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Originally published October 1, 2009 at 11:05 AM | Page modified October 2, 2009 at 10:44 AM

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Pakistan: US missile said to kill a top militant

The al-Qaida-linked leader of the Islamic Movement of Uzbekistan is believed to have been killed by a U.S. missile strike in Pakistan's northwest, intelligence officials said Friday. The Taliban denied the claim.

Associated Press Writer

ISLAMABAD —

The al-Qaida-linked leader of the Islamic Movement of Uzbekistan is believed to have been killed by a U.S. missile strike in Pakistan's northwest, intelligence officials said Friday. The Taliban denied the claim.

Tahir Yuldash's death would be a significant blow to the militant groups that have wreaked havoc along the Afghan-Pakistan border and the latest victory for the covert American missile program.

Yuldash was wounded in an Aug. 27 missile strike in the South Waziristan tribal region and is believed to have died a few days later, said the four intelligence officials, who spoke on condition of anonymity because they were not authorized to talk to the media.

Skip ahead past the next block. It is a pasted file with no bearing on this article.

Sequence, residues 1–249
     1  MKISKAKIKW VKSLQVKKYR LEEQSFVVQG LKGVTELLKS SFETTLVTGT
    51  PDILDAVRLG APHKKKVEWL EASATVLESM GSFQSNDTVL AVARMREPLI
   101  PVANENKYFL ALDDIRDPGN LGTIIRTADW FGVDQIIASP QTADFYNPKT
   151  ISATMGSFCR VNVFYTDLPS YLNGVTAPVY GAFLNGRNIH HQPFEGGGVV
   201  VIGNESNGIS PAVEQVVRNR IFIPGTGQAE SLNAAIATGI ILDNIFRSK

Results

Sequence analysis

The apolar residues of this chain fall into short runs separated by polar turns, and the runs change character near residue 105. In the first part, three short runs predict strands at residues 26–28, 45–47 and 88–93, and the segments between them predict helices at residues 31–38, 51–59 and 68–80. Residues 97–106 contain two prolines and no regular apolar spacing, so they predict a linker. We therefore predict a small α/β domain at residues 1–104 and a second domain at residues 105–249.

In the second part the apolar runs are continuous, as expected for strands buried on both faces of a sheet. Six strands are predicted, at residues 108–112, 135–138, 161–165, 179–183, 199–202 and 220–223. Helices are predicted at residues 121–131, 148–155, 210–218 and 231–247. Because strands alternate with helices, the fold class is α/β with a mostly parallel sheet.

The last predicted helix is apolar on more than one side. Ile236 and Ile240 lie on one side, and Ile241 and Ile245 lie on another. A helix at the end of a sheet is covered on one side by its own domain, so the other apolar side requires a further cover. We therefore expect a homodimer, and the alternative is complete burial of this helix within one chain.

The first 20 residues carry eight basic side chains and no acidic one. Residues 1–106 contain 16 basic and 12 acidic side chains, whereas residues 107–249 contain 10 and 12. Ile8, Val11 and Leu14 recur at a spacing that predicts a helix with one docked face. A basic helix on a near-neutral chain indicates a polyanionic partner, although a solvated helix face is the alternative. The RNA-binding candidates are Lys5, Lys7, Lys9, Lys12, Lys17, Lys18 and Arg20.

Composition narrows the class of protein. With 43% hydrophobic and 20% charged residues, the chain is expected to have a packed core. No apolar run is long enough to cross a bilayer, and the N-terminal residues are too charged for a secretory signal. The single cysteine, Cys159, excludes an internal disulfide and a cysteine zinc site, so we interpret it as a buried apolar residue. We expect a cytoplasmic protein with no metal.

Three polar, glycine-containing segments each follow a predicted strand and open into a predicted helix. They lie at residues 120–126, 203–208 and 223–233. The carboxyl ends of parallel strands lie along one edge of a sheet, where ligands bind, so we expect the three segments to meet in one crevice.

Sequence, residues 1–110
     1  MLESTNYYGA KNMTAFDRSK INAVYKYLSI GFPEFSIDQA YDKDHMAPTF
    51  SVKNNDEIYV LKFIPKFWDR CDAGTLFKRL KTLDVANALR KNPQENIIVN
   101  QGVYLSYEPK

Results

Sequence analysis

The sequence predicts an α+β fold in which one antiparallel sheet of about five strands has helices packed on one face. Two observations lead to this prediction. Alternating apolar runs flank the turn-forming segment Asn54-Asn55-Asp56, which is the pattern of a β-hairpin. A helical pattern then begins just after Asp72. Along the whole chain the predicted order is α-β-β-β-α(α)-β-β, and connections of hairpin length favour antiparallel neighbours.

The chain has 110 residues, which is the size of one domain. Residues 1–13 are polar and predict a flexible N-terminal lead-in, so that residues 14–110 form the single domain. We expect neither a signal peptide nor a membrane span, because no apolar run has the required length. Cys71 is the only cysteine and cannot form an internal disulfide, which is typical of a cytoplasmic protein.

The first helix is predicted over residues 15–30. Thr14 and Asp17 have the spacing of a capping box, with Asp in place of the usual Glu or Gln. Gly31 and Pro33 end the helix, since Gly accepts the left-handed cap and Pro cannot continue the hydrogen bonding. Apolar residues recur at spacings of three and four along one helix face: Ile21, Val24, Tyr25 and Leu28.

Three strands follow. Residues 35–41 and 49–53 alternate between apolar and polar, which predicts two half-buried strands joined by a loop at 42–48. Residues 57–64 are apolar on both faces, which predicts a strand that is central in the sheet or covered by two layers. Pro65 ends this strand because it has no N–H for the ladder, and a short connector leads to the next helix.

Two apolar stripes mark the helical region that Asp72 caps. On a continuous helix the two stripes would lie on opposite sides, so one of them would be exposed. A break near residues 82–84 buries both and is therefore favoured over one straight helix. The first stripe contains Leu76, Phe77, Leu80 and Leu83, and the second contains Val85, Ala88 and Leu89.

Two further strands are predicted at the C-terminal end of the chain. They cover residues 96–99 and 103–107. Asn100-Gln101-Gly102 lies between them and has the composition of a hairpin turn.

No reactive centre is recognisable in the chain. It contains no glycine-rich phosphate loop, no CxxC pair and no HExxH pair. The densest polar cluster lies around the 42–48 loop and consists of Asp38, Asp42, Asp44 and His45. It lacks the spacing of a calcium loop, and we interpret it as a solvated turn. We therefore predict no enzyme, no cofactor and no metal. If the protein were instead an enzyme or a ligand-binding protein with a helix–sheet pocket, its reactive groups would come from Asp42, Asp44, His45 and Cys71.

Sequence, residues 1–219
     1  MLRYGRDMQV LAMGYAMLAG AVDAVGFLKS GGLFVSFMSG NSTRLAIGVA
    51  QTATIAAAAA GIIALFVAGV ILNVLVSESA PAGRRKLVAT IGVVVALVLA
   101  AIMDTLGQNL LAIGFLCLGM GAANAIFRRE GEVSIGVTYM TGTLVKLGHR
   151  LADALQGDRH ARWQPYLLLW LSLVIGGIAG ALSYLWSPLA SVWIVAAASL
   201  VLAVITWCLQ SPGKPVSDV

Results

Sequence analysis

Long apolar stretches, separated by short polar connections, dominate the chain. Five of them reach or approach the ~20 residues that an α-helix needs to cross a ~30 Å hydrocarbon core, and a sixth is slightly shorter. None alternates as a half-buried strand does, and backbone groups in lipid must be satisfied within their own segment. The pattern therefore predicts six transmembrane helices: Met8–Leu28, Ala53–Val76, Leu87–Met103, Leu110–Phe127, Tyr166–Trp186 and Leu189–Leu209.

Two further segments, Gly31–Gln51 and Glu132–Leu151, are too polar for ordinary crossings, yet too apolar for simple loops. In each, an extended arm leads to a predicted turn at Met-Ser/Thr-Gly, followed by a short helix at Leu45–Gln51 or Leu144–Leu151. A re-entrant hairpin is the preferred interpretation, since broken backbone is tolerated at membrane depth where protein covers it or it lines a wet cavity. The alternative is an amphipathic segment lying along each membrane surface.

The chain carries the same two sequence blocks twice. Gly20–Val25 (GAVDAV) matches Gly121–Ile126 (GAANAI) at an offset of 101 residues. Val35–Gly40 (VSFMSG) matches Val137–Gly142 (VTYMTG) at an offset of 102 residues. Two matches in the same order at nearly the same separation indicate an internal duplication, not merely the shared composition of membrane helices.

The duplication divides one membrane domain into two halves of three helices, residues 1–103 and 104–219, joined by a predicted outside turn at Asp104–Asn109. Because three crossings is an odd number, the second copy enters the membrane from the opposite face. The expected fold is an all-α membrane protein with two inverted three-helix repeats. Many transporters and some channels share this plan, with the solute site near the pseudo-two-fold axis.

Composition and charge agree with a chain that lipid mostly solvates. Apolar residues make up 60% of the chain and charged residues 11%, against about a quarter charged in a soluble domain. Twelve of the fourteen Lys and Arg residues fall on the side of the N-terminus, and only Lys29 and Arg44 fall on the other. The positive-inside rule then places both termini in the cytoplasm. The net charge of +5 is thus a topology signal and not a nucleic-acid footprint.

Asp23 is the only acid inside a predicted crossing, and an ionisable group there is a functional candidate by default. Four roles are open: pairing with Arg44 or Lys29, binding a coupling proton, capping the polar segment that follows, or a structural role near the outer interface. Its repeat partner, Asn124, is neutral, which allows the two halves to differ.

Yuldash and others formed the Islamic Movement of Uzbekistan in the 1990s, with the initial goal of overthrowing authoritarian President Islam Karimov and establishing an Islamic state. Its ambitions expanded to creating an Islamic state encompassing all of former Soviet Central Asia and China's Xinxiang province.

Hundreds of the group's members are active in Pakistan and Afghanistan, with many hiding in Pakistan's tribal regions in alliance with the Taliban and al-Qaida. The Uzbeks are considered some of the fiercest insurgents in the region.

The Pakistani officials said they had received the information about Yuldash's death from militant sources. However, Qari Hussain, a top militant among the Taliban ranks, called The Associated Press on Friday to insist that Yuldash was not dead.

"These reports are all fake," Hussain said from an undisclosed location. "He is alive."

Independent confirmation of Yuldash's death is nearly impossible to obtain. South Waziristan is a major al-Qaida and Taliban stronghold in Pakistan's tribal belt, and access is severely restricted as well as dangerous.

In addition, there are increasing reports that the military plans to wage a major offensive in South Waziristan in the coming days. Reports in Dawn, a major Pakistani newspaper, and The New York Times described the plans in Friday editions.

Pakistani military officials could not immediately be reached to confirm the reports.

The U.S. has launched scores of missiles against militant targets in Pakistan's tribal regions, and American officials say the program has killed several top militants. In August, a missile strike killed Baitullah Mehsud, Pakistan's Taliban chief.

The Taliban at first denied Mehsud had been hit, then confirmed his death more than two weeks later, insisting he had not died immediately.

---

Associated Press writer Ishtiaq Mahsud in Dera Ismail Khan contributed to this report.

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